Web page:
After Afghanistan, countries such as Germany should reconsider their presence in Mali, unless the ruling class commits to good governance and democratic principles
Europe needs to take a hard look at what worked and what did not work in Afghanistan. Only then can it gradually and realistically build up its own capacities, rather than aim for grandiose schemes that lack public support.
ECFR’s Janka Oertel and Andrew Small discuss China’s attitude towards the NATO withdrawal from Afghanistan
Should peace talks succeed, Europeans and other international partners will need to demonstrate staying power in times of peace as well as war
China’s priorities are shifting towards the containment of security threats in its region, and Europe should capitalise on this trend
To stem the influx of Afghan refugees, Europe needs to turn to Asian partners, working not only with Kabul but with its neighbours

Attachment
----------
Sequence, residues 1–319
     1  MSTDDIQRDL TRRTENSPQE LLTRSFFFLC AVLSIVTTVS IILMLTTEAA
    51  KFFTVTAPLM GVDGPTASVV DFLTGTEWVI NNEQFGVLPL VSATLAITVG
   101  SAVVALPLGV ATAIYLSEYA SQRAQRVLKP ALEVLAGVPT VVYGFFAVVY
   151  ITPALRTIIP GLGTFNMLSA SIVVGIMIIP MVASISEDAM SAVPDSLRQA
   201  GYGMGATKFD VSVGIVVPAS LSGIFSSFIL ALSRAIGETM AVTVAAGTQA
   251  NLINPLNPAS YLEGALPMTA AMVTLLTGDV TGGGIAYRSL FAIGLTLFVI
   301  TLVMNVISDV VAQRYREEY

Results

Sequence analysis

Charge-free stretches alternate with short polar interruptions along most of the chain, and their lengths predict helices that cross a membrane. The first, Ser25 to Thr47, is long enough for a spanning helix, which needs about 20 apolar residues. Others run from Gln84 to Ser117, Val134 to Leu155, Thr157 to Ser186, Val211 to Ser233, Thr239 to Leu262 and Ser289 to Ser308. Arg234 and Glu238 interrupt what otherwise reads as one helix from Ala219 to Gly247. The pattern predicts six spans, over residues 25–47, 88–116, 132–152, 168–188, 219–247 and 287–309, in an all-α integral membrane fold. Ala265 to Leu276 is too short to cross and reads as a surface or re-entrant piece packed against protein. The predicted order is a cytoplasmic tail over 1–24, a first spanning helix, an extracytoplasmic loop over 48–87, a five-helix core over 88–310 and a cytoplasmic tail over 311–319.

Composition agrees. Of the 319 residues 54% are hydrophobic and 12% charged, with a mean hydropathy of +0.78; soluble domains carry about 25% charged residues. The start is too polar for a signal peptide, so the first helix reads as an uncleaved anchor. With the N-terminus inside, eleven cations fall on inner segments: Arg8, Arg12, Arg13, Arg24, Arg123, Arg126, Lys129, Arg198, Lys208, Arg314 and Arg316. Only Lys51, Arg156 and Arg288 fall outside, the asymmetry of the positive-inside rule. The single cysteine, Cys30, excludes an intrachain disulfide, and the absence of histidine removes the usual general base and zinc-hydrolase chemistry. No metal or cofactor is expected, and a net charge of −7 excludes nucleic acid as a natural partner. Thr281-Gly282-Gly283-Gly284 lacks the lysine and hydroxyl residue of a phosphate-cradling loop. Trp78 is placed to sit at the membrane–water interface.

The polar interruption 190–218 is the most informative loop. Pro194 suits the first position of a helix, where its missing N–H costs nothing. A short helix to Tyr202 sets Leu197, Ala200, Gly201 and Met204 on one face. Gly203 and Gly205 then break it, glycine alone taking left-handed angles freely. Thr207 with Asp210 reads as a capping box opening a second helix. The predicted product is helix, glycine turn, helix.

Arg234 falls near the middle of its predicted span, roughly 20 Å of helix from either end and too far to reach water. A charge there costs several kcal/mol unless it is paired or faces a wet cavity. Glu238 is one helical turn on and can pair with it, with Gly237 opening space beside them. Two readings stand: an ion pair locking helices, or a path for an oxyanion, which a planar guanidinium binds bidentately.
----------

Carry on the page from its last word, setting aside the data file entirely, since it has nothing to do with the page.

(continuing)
Before withdrawing alongside the US by the end of 2016, Europeans should explore whether and how far China's recent involvement in Afghanistan can complement European efforts.
Waging even one war and winning it is complicated enough. Not to mention waging three different wars and winning them. This is what faces the international forces in Afghanistan. (In English and Spanish)
If the EU wants to be a credible promoter of democracy, it needs to highlight the achievement of holding elections in Afghanistan, rather than dwell too long on the undoubted imperfections. Many Afghans are taking part in the elections despite the danger of violence and concerns about corruption, and the polls are not just being imposed by the outside world.
The Afghan experience will leave Europe?s armed forces drained and in search of a new purpose. Insufficient political will and empty state coffers will hamper rejuvenation